IoT Lights demo @ MuleSoft HQ
To liven up the 2nd floor of the MuleSoft SF office, we decided to showcase a slightly modified version of the IoT demo we gave in last year’s Chicago and New York MuleSoft Summits. The demo we have listens for any mentions of @mulesoft on Twitter. If found, a Mule app running on a Raspberry Pi makes the lights glow. Initially dim, the lights glow brighter with more mentions.
Now let’s dive into the specifics of this fun little demo we’ve created.
The genesis of this demo was a brainstorming session for a MuleSoft Summit keynote presentation. We wanted to show something that showcased IoT in conjunction with MuleSoft technology. We decided to simulate home automation via APIs, which essentially means using Internet of Things APIs to control the “things” around one’s home. In our case, the “things” we were controlling were Philips Hue light strips (which we shaped to form the MuleSoft logo). In addition, as is typical in many IoT architectures, we used a “controller” closely located to these “things” – think of how a Nest device (controller) manages the heaters (things) around a home. In our case, the controller we used was a lightweight Mule app running on a Raspberry Pi, which connects to both the external network to receive information, and to the internal network to control the lights.
Furthermore, many IoT architectures have more than just “things” and “controllers” close to them. They typically also involve external data centers that perform heavyweight data processing – think of how smart sensors (things) send their information to larger data centers, which do more analytics and processing. In our case, we simulated the “data center” component using CloudHub, MuleSoft’s enterprise integration platform as a service (iPaaS).
Finally, to make the demo more relatable to the audience, we threw in some social media (Twitter), and also used a lightweight machine-to-machine protocol, MQTT, to pass messages between CloudHub and the Raspberry Pi.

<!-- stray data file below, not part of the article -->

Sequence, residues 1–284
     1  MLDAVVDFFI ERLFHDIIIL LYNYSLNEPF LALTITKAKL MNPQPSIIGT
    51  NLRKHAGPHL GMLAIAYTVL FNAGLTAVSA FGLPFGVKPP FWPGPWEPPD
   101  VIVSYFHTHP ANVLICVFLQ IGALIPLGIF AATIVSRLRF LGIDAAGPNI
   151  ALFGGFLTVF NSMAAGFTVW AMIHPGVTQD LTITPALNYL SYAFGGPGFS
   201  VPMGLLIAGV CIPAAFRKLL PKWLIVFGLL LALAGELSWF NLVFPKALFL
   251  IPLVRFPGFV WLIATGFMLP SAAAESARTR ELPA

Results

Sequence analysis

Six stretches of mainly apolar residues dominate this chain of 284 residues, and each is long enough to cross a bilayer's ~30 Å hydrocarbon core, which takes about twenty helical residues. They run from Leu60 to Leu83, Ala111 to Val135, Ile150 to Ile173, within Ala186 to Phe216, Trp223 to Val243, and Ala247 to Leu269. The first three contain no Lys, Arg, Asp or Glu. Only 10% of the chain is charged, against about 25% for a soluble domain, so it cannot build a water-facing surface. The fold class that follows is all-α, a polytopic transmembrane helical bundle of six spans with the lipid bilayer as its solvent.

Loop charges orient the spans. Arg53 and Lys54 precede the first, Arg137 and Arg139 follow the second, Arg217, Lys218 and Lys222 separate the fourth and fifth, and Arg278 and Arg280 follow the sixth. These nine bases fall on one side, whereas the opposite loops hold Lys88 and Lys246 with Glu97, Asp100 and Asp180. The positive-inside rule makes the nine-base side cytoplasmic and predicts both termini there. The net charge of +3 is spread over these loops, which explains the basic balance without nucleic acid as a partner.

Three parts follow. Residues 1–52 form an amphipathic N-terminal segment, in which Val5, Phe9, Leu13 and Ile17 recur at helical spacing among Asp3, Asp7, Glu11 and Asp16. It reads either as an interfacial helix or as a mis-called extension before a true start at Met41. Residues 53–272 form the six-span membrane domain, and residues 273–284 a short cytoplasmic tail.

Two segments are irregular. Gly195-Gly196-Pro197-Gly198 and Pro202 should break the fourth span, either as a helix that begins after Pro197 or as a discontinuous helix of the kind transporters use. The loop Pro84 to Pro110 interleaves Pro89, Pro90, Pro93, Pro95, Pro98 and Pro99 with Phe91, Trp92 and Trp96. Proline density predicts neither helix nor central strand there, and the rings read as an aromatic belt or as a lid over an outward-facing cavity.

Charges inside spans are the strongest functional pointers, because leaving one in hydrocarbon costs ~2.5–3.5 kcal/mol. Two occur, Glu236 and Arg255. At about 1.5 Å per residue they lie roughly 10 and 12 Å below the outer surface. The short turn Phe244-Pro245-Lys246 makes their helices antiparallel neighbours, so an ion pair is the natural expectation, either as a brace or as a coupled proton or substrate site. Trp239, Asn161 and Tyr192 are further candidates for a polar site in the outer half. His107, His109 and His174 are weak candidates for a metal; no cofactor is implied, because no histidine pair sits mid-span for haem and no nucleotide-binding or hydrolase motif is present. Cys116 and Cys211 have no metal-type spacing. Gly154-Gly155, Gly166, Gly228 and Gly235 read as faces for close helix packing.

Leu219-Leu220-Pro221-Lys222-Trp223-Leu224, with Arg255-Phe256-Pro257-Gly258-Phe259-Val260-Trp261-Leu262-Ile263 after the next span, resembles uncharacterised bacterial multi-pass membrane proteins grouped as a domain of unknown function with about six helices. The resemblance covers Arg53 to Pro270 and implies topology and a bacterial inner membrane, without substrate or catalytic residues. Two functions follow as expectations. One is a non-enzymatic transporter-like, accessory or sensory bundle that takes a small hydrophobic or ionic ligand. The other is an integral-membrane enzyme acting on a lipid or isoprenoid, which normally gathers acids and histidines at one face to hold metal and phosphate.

The basic architecture for what we have here in the office is shown below:
As you can see, there are several phases to the integration:
- Twitter is scanned to detect any tweets that mention @MuleSoft. Once this is detected, we ping a Mule app running in CloudHub.
- Side note: As you can see, the diagram above also includes grayed out icons for Instagram and a color palette calculator. We used these components when we delivered this demo live during Summits. In the live demo, we took a picture using a mobile phone and posted it to Instagram. The photo’s color palette was then calculated and fed to the light bulbs around the room as input. All the bulbs then lit up corresponding to the color palette.
- The CloudHub app stores a message into a queue via MQTT. The payload of the message is the number of tweets that mention @MuleSoft
- A lightweight distribution of Mule running on a Raspberry Pi retrieves the number of tweets from the MQTT queue and brightens the light strips by sending an API call to the hub.
I’ve placed the source code for the Mule application running on the Raspberry Pi in this Github repository. Below is a screenshot of a small part of that application:
Basically, the application runs a bunch of logic, which results in either adjusting the brightness of the lights, or setting the lights to “colorloop” mode, which makes the lights change colors frequently for a set period of time.
— MuleSoft (@MuleSoft) February 20, 2015
Of course, the Mule app we implemented is more complicated than the simple screenshot shown above. We introduced the concept of the light’s brightness “burning down”, which means the lights get dimmer a set amount of time (currently set to 1 minute) after the tweet is detected. We also used several connectors and message processors in the Mule flow, including the MQTT connector and Philips Hue connector.
The behavior of the demo is as follows: if a tweet is detected, the lights becomes brighter and stay bright for exactly 1 minute, after which it returns to its initial state. If more than 1 tweet is detected within a minute, the lights go into “colorloop” mode for 1 minute before finally returning to their natural dim state. The coolest part of this whole demo is that all the logic is controlled by a Mule instance running on a tiny Raspberry Pi!